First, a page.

Over the past year, environmental groups have made multiple efforts to use the Clean Water Act to force Duke Energy to clean out coal ash dumps, but their efforts were thwarted every time by the NC Department of Environment and Natural Resources. The relationship between state regulators and energy companies has become even cozier since the inauguration of Gov. Pat McCrory, a former Duke employee, the Associated Press reports.
The state’s Department of Environment and Natural Resources three times blocked citizen lawsuits against Duke Energy by intervening and asserting its own authority. “After negotiating with Duke, the state proposed settlements where the nation’s largest electricity provider pays modest fines but is under no requirement to actually clean up its coal ash ponds,” according to the AP.
North Carolina Gov. Pat McCrory, a pro-business Republican, was an employee of the energy company for 28 years. After Duke Energy spilled tens of thousands of gallons of coal ash into the Dan River last month, McCrory boasted that his administration “Is the first in North Carolina history to take legal action against the utility regarding coal ash ponds.” However, environmentalists feel the administration has actually shielded the energy company from more severe penalties that it might have faced in federal court.
Since McCrory first ran for office in 2008, Duke Energy, its PAC, and its executives have donated at least $1.1 million to McCrory’s campaign and affiliated groups that supported him. After winning North Carolina’s gubernatorial election in 2012, McCrory appointed other former Duke employees such as Secretary of Commerce Sharon Decker, who worked for Duke Power Company (Duke Energy) for more than 17 years and was the youngest and first female vice president in the company’s history.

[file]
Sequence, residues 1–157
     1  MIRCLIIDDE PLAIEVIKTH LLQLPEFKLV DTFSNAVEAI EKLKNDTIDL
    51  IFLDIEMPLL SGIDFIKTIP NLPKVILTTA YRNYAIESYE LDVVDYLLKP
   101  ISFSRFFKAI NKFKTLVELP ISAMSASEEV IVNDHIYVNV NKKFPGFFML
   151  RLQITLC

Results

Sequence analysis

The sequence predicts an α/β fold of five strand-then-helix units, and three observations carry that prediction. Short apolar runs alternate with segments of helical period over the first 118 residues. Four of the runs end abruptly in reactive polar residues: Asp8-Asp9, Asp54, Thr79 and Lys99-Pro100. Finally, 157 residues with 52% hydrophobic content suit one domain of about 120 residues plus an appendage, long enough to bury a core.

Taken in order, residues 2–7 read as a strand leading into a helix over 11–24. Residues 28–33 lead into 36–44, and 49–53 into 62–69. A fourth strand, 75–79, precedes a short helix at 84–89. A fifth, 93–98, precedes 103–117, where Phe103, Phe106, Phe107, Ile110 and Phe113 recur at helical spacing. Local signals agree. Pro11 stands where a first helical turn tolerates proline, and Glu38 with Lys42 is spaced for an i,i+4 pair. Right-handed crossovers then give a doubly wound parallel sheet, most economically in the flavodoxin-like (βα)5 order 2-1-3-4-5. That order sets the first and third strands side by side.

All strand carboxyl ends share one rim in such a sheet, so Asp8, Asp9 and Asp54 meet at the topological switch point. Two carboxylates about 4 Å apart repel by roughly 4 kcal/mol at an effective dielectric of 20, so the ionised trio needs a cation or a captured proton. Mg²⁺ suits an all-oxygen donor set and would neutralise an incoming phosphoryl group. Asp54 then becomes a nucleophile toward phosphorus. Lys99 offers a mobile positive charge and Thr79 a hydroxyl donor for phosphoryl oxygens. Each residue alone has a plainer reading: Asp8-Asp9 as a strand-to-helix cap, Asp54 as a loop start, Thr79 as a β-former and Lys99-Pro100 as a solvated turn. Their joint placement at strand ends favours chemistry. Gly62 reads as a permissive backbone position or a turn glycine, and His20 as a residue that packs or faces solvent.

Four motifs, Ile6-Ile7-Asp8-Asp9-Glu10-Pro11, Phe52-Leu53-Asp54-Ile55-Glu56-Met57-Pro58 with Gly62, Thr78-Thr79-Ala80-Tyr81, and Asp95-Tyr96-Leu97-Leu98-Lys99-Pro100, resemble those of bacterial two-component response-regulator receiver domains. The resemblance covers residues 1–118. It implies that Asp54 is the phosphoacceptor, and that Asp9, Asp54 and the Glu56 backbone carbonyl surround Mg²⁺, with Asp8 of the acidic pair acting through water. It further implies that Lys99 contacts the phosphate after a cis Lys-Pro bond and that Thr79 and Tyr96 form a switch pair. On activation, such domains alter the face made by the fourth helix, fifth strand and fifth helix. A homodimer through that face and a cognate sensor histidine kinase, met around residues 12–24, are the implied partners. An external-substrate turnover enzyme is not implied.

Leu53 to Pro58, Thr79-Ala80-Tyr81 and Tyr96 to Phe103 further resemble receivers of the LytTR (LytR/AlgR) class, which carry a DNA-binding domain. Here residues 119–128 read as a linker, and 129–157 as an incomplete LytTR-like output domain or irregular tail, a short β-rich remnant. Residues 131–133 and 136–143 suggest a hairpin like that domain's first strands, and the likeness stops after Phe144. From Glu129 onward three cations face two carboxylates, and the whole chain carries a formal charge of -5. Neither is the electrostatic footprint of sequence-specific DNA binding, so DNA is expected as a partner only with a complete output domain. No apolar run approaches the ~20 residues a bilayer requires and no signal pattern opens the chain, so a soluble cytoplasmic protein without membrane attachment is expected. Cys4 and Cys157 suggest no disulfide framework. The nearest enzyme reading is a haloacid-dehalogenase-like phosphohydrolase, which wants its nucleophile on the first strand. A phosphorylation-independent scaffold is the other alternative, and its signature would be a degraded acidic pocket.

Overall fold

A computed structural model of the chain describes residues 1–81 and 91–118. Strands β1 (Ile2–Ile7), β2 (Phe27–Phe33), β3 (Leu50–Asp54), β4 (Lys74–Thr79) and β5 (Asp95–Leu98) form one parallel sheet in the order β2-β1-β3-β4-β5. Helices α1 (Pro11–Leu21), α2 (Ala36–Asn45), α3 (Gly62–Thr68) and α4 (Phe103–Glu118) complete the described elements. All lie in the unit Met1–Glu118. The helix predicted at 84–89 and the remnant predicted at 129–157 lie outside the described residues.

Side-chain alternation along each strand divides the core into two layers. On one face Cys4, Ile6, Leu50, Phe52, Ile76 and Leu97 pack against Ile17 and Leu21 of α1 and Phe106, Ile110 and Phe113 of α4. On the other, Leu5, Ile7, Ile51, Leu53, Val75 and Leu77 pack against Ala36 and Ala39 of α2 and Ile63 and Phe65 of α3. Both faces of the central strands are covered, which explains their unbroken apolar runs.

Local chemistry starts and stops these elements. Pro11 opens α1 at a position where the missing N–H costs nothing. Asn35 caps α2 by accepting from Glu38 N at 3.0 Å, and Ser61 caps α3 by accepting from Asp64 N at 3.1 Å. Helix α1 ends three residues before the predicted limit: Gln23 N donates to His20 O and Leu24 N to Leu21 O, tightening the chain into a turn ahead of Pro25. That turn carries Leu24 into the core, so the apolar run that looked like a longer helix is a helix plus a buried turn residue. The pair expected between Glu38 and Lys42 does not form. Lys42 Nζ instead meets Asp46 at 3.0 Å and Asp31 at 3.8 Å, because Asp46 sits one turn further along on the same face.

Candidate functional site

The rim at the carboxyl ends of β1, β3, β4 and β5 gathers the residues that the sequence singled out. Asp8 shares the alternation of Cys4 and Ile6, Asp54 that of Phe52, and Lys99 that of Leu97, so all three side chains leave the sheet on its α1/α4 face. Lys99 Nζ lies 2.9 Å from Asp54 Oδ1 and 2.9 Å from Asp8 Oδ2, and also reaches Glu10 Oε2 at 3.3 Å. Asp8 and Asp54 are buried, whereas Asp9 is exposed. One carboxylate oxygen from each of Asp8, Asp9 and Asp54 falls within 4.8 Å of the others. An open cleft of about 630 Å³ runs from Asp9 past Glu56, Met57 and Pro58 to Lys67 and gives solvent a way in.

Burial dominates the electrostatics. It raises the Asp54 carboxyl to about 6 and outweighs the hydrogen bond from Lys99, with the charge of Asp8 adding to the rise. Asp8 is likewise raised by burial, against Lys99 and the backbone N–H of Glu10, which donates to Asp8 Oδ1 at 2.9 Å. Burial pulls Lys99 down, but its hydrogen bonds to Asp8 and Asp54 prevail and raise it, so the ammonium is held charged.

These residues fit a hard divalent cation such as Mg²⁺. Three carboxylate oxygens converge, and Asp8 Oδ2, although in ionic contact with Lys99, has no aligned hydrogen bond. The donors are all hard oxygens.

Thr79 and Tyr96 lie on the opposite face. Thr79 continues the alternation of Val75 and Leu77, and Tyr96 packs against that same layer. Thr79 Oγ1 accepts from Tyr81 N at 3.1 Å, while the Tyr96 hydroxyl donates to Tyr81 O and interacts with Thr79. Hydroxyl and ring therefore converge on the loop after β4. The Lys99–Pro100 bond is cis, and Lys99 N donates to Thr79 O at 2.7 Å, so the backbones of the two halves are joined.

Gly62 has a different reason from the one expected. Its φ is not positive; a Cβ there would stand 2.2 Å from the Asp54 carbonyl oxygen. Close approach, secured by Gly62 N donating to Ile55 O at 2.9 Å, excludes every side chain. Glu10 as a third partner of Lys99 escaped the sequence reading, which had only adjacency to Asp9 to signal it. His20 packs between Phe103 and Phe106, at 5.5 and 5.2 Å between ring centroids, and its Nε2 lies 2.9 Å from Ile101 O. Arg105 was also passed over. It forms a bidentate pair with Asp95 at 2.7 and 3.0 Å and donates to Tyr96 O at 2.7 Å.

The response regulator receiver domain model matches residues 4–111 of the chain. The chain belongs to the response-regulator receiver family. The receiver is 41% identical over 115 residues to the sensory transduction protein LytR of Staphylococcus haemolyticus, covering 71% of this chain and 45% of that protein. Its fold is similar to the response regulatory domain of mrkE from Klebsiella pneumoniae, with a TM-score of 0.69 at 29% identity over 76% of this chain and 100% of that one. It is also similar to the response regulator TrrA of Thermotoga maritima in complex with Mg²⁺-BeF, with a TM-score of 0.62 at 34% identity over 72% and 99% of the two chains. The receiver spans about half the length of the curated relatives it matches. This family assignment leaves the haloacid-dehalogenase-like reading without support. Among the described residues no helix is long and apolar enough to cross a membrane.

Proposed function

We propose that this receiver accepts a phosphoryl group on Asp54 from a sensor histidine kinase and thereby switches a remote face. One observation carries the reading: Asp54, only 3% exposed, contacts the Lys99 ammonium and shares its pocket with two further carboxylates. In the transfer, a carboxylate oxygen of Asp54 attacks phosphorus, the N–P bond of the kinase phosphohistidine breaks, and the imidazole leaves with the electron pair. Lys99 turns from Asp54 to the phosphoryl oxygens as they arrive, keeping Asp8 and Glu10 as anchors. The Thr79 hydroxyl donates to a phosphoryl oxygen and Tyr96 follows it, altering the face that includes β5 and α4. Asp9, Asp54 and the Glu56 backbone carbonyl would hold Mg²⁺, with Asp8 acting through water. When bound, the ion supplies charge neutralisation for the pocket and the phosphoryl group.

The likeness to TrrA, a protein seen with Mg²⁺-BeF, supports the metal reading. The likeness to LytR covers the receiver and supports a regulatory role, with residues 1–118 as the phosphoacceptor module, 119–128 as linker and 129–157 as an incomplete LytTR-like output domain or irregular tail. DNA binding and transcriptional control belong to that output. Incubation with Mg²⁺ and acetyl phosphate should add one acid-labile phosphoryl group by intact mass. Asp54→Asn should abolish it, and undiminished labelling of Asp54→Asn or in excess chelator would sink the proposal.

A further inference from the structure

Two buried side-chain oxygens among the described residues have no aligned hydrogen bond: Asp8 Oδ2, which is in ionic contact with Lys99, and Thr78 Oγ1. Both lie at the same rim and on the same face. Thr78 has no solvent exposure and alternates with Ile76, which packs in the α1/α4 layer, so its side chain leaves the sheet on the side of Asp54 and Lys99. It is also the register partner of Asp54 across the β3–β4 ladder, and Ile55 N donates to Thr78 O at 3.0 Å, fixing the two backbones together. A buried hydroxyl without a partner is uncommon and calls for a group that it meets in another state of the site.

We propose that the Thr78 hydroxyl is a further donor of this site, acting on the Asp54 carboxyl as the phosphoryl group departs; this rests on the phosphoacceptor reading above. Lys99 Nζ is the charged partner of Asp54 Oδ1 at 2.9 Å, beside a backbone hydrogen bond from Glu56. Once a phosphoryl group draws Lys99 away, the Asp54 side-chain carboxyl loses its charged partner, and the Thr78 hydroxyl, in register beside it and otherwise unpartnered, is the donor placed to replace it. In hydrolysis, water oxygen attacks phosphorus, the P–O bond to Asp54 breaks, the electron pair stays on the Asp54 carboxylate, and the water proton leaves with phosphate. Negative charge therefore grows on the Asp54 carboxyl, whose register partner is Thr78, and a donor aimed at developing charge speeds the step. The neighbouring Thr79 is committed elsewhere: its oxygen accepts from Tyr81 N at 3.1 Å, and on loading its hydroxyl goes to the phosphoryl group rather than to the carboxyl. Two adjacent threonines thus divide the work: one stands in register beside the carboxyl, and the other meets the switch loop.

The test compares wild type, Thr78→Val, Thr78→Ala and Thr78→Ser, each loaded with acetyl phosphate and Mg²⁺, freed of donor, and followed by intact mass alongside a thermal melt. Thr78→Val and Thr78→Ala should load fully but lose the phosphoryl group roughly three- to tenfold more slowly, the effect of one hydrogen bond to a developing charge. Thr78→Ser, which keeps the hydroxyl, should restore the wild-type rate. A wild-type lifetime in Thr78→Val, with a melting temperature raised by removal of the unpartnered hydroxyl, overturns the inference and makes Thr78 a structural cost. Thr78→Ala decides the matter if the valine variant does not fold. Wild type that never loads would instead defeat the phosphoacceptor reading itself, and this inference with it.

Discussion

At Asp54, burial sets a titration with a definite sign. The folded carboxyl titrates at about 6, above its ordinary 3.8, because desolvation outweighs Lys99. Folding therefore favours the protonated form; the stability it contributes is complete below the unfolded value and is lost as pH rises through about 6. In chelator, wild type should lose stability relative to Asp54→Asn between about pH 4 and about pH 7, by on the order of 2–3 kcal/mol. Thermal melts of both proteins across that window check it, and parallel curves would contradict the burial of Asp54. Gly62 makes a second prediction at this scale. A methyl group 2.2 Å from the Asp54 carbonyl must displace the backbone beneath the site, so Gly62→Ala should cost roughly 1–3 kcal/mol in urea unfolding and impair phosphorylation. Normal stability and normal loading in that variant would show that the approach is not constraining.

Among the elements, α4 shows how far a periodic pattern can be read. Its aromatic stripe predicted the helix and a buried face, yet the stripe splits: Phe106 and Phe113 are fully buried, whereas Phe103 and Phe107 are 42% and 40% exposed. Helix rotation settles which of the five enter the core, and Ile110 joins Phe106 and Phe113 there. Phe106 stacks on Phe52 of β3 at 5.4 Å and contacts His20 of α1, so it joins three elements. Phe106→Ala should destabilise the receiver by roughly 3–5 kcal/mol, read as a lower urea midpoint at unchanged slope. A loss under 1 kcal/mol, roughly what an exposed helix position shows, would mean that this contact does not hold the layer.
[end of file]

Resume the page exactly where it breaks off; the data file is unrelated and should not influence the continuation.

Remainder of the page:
“We have a governor right now that has very close ties to Duke, the state’s largest polluter and a major political contributor to his campaigns,” Amy Adams, the former regional director at the state environmental agency responsible for enforcing surface water standards told the AP. “Under the new administration, North Carolina has changed the definition of who its customer is from the public and the natural resources it is supposed to protect to the industries it regulates.”
Last week, Duke Energy spilled between 50,000 to 82,000 tons of coal ash into the Dan River. The leak was discovered by a security guard who noticed the water in the coal ash pond was low. The first public notification of the spill came from Duke on Monday afternoon, 24 hours after the leak was first discovered.
In 2009, an EPA investigation found Duke’s 53-year-old Dan River ash pond dams to be “high hazard.” The investigation also found other indicators of poor upkeep at the Dan River site. Officials noted “continued movement” and “seepage” on the bank of the primary ash basin facing the river.
On February 4, Waterkeeper Alliance took water samples from the Dan River downstream of the spill. Testing of the samples found an arsenic concentration higher than the EPA’s water quality criterion for protection of fish and wildlife from acute risks of injury or death and more than twice as high as the EPA’s chronic exposure criterion for fish and wildlife, according to the Waterkeeper Alliance. The arsenic concentration was nearly 35 times greater than the maximum contaminant level EPA standard for drinking water.
“Duke could have avoided contaminating the Dan River and poisoning Virginia’s water supplies if it had removed its toxic ash heaps years ago after being warned by the EPA,” said Robert F. Kennedy, Jr., president of Waterkeeper Alliance.
The company has also been criticized for taking four days to release its heavy metals water test results.
Image via: Waterkeeper Alliance